The model is shown to meet the assumptions of multiple linear regression. Now, model selection can be used to find the best combination of predictors in predicting the outcome variable, wins. The forward regression model selection method searches for the best-fitting model by starting with no predictors and continuously adding the most significant predictor not yet in the model, eventually resulting in the original full model. The best of the ten models can then be identified by looking for the highest adjusted R-squared, lowest CP, and lowest BIC between the models. The best-fitting models will have the best predicting power without introducing too many variables, as this complexity could cause over-fitting, worsening the model's ability to generalize the model to new observations accurately.


Here are graphical comparisons between the ten models based on their adjusted R-squared, CP, and BIC values.



Using forward selection, the BIC and CP of the models stop significantly decreasing after the model with six variables is considered. R-squared stops significantly increasing after the model with six variables. The model with seven variables has a slightly lower value of CP and a slightly higher value of R-squared in comparison to the six-variable model. 


In order to choose between the six and seven-variable models, I will conduct a partial F-test to analyze the significance of the predictor that is present in the seven-variable model and absent in the six-variable model. The null and alternative hypotheses for the test are as follows:


H-Null: The reduced model is more significant in predicting wins than the full model

H-1: The full model is a more significant predictor of wins than the reduced model



As shown, the p-value for this test is greater than the significance level of 0.05, so we fail to reject the null hypothesis that the reduced model outperforms the model using FP as a predictor, meaning that FP it is an insignificant predictor in our model and the reduced six variable model will be chosen as the final model. It is also worth noting that the six-variable model has only two high leverage points, a large decrease from the twenty-two high leverage points present in the original model. The final model summary is shown below:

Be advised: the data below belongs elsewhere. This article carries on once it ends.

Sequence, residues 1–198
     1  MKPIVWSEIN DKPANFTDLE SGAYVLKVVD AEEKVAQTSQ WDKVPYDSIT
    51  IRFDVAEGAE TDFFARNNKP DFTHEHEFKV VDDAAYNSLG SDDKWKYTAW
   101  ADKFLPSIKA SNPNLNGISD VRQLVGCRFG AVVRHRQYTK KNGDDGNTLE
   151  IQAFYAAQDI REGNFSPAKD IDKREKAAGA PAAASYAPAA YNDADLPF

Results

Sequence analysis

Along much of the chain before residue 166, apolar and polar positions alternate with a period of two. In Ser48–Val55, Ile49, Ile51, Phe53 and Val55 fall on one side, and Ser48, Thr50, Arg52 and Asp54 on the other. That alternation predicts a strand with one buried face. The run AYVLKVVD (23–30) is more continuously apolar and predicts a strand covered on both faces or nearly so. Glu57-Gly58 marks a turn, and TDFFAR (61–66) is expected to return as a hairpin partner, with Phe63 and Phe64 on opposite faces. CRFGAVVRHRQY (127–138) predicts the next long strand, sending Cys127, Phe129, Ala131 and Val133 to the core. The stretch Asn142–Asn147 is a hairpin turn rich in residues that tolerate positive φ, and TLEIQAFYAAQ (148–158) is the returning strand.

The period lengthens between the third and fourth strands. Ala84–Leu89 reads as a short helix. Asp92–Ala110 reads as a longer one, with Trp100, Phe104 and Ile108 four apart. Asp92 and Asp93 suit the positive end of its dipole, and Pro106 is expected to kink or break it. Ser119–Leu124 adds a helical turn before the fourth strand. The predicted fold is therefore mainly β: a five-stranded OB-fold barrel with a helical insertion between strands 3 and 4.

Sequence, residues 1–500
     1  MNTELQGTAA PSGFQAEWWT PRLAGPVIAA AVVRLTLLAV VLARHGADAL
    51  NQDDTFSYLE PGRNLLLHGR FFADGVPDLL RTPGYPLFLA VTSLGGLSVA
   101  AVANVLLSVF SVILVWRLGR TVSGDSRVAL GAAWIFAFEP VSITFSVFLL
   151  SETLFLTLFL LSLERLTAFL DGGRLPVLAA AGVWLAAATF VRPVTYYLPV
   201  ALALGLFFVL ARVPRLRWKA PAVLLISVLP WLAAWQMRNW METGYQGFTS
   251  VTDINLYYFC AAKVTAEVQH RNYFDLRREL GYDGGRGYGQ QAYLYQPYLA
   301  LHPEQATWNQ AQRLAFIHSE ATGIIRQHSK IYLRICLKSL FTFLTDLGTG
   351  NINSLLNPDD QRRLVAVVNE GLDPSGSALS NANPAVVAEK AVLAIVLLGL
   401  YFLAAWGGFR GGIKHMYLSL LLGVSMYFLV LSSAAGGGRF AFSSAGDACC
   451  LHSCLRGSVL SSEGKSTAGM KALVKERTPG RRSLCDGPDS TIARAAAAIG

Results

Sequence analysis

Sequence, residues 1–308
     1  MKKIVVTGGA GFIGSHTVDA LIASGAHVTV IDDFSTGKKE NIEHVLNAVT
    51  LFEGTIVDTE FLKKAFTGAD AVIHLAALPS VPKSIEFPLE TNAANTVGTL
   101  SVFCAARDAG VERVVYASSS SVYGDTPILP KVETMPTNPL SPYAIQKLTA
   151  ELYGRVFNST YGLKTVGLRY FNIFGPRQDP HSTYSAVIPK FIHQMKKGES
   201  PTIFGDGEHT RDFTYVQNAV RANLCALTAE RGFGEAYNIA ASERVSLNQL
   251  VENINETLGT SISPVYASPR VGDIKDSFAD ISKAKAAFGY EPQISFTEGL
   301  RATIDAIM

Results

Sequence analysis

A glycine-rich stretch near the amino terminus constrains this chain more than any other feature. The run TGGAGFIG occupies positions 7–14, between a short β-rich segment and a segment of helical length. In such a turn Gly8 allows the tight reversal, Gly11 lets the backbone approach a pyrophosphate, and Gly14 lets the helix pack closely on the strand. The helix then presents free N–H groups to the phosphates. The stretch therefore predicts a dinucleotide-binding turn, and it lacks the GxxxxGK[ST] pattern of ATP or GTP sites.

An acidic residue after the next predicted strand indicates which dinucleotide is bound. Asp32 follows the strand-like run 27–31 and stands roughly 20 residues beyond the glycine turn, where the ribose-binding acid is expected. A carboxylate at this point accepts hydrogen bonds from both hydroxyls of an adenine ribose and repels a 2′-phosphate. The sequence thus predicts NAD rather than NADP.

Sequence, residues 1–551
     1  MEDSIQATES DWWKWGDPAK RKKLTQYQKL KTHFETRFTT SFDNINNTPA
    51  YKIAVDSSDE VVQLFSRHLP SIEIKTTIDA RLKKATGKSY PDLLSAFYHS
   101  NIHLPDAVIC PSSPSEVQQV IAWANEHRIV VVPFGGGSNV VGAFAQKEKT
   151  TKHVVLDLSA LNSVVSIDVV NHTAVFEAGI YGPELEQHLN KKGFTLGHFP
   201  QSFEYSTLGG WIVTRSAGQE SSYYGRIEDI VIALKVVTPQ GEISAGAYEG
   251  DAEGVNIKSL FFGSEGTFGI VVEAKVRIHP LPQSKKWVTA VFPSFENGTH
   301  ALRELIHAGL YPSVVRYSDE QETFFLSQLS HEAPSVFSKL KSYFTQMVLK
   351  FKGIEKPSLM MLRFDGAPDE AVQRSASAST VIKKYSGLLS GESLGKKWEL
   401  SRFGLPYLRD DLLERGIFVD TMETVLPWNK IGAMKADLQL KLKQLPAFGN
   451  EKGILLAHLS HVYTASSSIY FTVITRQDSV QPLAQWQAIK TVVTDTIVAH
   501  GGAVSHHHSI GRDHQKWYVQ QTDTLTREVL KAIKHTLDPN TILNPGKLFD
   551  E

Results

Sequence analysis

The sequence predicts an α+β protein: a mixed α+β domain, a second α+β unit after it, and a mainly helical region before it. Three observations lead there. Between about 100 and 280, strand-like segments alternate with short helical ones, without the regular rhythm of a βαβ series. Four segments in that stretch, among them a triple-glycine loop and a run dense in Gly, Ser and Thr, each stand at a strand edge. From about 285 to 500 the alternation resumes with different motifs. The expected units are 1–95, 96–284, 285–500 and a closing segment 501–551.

Conclusion


After investigating the relationship between the number of games an MLB team wins in a season and ten predictor variables with a goal of creating a multiple linear regression model to fit the relationship, six predictors were chosen for the final wins model: hits, home runs, walks, hits allowed, home runs allowed, and walks allowed.


These results suggest that the number of hits, home runs, and walks are important metrics of baseball that teams should try to maximize on offense and limit for opposing teams on defense in order to increase win potential. 


However, the model does not fully explain the variation in team wins; only 89.23%. The outliers and influential points in the data set could be accounted for more effectively by utilizing the weighted least squares method, which could improve the model's goodness of fit. If given more time, further investigation of other predictor variables and more observations of data could yield an improved model.


Further application of the model could involve introducing new data to test the model on in order to evaluate how well it predicts a team's number of wins. Assuming that the model predicts team wins fairly accurately, further investigation of how to maximize and minimize metrics positively and negatively correlated with wins respectively could help MLB teams train and prepare their players and rosters to give them the best chance to succeed.



Sources:

Lahman Baseball Database